The Decline of English Teaching
Sir: I taught English and Literature in Melbourne schools for over thirty years. I have a box of letters and cards I cannot toss out, from students, parents, even colleagues, thanking me for inspiring a love of literature, of reading and language.
In my classes, alongside studying Orwell, Shakespeare, the poetry of the First World War, Steinbeck, Harper Lee, Golding, Austen, Euripides, Voltaire, I had every student writing poetry. Often, we began by taking scissors to their prose childhood recollections, and “found” the poetry inside. I watched fourteen-year-olds create poems which rival half of the claptrap winning poetry competitions these days churned out by grant-supported agenda-pushers.
My drama students staged Beckett, Williamson, Shakespeare and Miller. Parents were stunned that their sixteen-year-olds were capable of such sophistication and passion. Too easily we can lose touch with how capable young minds are.
But around 2010, it was all starting to change. In English department meetings I was suddenly compelled to speak out and challenge young women with a handful of years teaching, decrying the need to “expose students” to more cultural variety, different voices, Aboriginal culture. I argued that the single most important role for teachers was to expose young minds to the best and the finest of the English language—in essence, to show them what literature could be. To give them a yardstick for life, against which they could judge anything they read. Great literature lifts us beyond ourselves and our daily lives. Yeats said that when we read great poetry “we have added to our being, not our knowledge”. The last generation of teachers who feel this in their bones is retiring or giving up.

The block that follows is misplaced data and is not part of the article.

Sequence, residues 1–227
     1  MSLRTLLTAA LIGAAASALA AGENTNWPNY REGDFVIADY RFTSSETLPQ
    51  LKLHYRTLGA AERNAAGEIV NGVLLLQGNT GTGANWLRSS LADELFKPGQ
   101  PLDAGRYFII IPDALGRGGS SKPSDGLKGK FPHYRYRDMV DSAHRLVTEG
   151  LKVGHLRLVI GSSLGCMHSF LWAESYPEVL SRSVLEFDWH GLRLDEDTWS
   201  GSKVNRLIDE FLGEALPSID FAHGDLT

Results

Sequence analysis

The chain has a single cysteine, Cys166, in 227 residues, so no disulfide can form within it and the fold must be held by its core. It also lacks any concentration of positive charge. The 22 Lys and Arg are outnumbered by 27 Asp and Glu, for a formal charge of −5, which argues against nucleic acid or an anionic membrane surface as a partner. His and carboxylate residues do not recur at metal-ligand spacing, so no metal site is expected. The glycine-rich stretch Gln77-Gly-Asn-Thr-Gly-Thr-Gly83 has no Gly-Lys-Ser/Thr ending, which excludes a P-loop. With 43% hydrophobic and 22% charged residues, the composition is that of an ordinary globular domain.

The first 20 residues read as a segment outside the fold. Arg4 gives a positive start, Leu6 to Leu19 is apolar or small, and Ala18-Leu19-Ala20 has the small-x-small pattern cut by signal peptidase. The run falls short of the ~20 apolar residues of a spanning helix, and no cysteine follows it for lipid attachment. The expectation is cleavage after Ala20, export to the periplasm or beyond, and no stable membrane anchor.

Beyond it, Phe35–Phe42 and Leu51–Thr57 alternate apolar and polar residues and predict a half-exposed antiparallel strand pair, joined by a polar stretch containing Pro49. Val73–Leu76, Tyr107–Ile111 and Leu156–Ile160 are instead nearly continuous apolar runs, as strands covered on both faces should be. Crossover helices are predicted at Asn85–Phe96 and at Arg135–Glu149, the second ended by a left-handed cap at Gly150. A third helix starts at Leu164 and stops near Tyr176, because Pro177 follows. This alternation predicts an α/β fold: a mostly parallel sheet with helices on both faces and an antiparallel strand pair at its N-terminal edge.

Imagine, in a typical year-long curriculum, as a teacher you most probably get to teach one novel, one play, one collection of stories or poetry and one film (not hard to guess why films became a staple in the English curriculum). Now I had these ideologues demanding we replace To Kill a Mockingbird with Sally Morgan’s My Place. As a middle-aged white male my experience and opinions were barely tolerated.
I’ve left teaching. I’m working online supporting homeschooling parents around the world. The pushback, accelerated by the Covid lockdowns, is growing into a significant cultural shift as anti-woke parents around the Western world realise they have to reclaim control over their children’s education. In Australia, between 2012 and 2019, the number of parents registering as homeschoolers increased by 105 per cent. Those figures will have accelerated given the collapse of school education since 2019. I’m hearing from disenchanted parents every day.
Let us hope a revolution is building. Could there be anything more important than feeding the hungry adolescent mind? I think not and, clearly, millions of parents agree.
Muslims in Australia
Sir: If distinctions between moderate and extreme Islam have no validity as Brian Wimborne contends (November 2023), Muslim extremists are simply Muslims who announce and act on what all Muslims believe. For Muslims to speak out against the “extremists” is no remedy, as it amounts merely to saying, “I agree with your objective, the rule of Islam in every country, but be quiet, it is inexpedient to talk about it now.”
Mr Wimborne suggests “assimilation” as a remedy, but by that I understand him to mean either a revolution in Islam that removes from it all that non-Muslims object to, so that Muslims may continue to believe in a harmless religion, or the renunciation of an unchanged Islam by every Muslim in Australia.